Photo credit: Jörg Farys, Die Projektoren für Umweltinstitut München

Massive protest rocks Germany in advance of U.S.-EU trade talks

by Bill Waren, senior trade analyst

On Saturday April 23, tens of thousands of demonstrators flooded the streets and public squares of Hannover, Germany to protest the environmentally destructive Transatlantic Trade and Investment Partnership trade deal between the U.S. and the European Union. Estimates of the size of the crowd ranged from 25,000 to 90,000. The massive rally was scheduled the day before Obama met with German Chancellor Angela Merkel in Hanover in a desperate attempt to sell the TTIP deal and two days before the U.S. and the EU opened weeklong TTIP negotiations in New York City.

The German public is outraged that a TTIP agreement that would ramp up U.S. exports to Europe of climate destroying fossil fuel exports[i] and lower alleged regulatory “barriers” to transatlantic trade and investment — such as those related to family farming[ii], food safety[iii], genetically-engineered products[iv] and toxic chemicals[v], among many others.

Ordinary Germans are also angered by an investment chapter in TTIP that would allow giant multinational firms to sue governments for millions or billions in money damages if climate, environmental or public health regulations interfere with expected future profits. This would discourage government action, for just a few examples, restricting oil and gas drilling, imposing pollution controls, or limiting the use of hydraulic fracturing.

As an example of the harm that such investor suit provisions can cause, TransCanada has sued the U.S. under the North American Free Trade Agreement for $15 billion for stopping construction of the Keystone XL pipeline. As a new report documents, the TTIP and another looming trade deal, the Trans Pacific Partnership would more than double the number of fossil fuel corporations that could follow TransCanada’s lead and use corporate dominated investment arbitration tribunals as a backdoor way of challenging U.S. policies that keep fossil fuels in the ground.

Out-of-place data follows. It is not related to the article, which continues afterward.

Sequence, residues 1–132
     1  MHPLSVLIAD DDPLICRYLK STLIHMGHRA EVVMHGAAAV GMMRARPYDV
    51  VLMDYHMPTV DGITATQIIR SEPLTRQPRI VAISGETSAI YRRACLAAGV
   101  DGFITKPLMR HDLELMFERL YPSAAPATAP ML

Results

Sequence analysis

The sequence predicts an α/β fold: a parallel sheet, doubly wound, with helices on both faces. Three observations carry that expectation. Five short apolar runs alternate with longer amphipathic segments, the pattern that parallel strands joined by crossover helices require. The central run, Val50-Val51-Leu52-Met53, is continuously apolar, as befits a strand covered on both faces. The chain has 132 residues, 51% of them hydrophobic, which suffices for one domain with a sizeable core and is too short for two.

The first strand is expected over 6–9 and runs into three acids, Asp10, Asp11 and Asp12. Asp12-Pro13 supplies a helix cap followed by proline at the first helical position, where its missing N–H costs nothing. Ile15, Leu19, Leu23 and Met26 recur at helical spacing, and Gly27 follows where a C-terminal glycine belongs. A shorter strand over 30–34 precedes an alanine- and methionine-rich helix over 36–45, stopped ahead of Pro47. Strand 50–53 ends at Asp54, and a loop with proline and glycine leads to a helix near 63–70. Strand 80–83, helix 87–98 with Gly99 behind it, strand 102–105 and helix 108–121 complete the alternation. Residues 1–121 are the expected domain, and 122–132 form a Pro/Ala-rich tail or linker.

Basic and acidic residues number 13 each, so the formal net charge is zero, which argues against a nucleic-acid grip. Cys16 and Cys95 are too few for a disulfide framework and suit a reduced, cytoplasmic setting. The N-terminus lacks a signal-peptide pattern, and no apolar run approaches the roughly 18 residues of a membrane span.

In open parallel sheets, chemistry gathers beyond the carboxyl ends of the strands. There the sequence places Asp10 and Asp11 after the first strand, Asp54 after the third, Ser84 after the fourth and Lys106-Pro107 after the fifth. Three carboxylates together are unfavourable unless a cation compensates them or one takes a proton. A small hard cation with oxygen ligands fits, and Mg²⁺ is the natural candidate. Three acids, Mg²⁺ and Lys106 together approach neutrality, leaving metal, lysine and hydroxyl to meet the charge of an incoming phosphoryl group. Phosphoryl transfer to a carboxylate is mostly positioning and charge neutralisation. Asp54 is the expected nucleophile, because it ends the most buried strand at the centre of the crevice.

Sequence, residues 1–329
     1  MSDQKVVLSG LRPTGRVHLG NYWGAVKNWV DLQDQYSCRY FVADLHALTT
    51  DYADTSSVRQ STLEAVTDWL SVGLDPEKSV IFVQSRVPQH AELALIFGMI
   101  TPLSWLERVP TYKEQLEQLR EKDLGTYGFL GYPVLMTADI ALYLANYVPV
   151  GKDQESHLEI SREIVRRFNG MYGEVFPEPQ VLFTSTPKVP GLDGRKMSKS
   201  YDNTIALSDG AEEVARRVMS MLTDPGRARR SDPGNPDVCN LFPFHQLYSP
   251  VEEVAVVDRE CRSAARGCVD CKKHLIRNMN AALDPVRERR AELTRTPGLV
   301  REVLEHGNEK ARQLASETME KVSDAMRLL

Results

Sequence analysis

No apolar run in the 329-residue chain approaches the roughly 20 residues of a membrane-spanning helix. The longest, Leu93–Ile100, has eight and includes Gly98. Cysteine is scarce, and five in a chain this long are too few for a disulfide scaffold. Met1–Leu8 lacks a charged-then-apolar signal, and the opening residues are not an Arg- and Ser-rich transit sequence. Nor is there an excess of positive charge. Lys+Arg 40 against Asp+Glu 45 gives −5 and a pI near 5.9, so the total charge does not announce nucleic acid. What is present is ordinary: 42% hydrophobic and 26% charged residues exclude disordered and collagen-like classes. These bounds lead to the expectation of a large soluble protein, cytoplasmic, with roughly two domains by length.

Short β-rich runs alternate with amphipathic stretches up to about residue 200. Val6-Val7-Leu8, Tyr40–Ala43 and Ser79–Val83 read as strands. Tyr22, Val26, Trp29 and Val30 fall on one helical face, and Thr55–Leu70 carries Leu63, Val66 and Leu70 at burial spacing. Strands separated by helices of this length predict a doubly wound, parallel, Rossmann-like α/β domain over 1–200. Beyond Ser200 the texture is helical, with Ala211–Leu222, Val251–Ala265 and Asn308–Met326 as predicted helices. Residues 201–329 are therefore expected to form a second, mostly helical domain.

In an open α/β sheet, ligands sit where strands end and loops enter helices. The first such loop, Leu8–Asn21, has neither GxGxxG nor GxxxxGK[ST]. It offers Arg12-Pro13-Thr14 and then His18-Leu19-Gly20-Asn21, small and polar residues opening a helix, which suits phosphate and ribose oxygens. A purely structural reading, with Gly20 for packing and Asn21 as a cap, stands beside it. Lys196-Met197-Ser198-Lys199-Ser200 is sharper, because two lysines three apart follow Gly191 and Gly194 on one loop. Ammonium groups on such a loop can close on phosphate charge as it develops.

Photo credit: Jorg Fary, Die Projecktoren fur Umweltinstitut Munchen

The TTIP can also be effectively enforced in government to government litigation before trade tribunals, empowered to impose retaliatory trade sanctions like higher tariffs on the exports or loss of intellectual property rights.

To top it off, the TTIP will establish institutions and procedures to quash environmental initiatives before they can even be promulgated. Regulatory review chapters in the TTIP would encourage business-friendly, cost-benefit analysis that would hamstring environmental or other public interest regulations. For example, insecticide safety standards would be lowered if the undervalued “benefit” of protecting the bees is outweighed by the “cost” to corporate profits.[i]

Joseph Stiglitz, winner of the Nobel Prize in Economics and former chief economist at the World Bank and past chair of the President’s Council of Economic Advisors, summed up the situation in an opinion piece in the distinguished German newspaper, Süddeutsche_Zeitung, shortly before the Obama-Merkel meeting in Hannover:

“German Chancellor Angela Merkel and U.S. President Barack Obama [ii] …were instrumental in securing the Paris Agreement on climate change. Yet in Hannover they are poised to undermine their joint climate legacy by pushing forward the Transatlantic Trade and Investment Partnership (TTIP). Together with its sibling, the Trans-Pacific Partnership (TPP), TTIP has the potential to undercut urgently needed action on climate that the Paris agreement requires.”[iii]

Photo credit: Jorg Fary, Die Projecktoren fur Umweltinstitut Munchen


[i]; 202.222.0746.